The court system is headed by the Senior Courts of England and Wales, consisting of the Court of Appeal, the High Court of Justice for civil cases, and the Crown Court for criminal cases.[104] The Supreme Court of the United Kingdom is the highest court for criminal and civil cases in England and Wales. It was created in 2009 after constitutional changes, taking over the judicial functions of the House of Lords.[105] A decision of the Supreme Court is binding on every other court in the hierarchy, which must follow its directions.[106]

Crime increased between 1981 and 1995 but fell by 42% in the period 1995–2006.[107] The prison population doubled over the same period, giving it the highest incarceration rate in Western Europe at 147 per 100,000.[108] Her Majesty's Prison Service, reporting to the Ministry of Justice, manages most prisons, housing over 85,000 convicts.[109]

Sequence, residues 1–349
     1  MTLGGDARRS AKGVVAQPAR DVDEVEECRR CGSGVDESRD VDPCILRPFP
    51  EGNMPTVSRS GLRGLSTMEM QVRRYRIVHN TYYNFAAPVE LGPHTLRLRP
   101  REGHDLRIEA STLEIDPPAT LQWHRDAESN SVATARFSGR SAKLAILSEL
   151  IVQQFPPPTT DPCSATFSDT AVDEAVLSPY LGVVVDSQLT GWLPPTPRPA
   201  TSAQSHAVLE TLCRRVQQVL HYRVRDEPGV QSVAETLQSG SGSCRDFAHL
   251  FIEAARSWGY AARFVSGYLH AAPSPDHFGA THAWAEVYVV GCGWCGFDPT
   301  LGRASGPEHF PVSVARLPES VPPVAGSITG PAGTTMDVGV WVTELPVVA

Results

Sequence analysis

Regions, counties, and districts

The subdivisions of England consist of up to four levels of subnational division controlled through a variety of types of administrative entities created for the purposes of local government. The highest tier of local government were the nine regions of England: North East, North West, Yorkshire and the Humber, East Midlands, West Midlands, East, South East, South West, and London. These were created in 1994 as Government Offices, used by the UK government to deliver a wide range of policies and programmes regionally, but there are no elected bodies at this level, except in London, and in 2011 the regional government offices were abolished.[110] The same boundaries remain in use for electing Members of the European Parliament on a regional basis.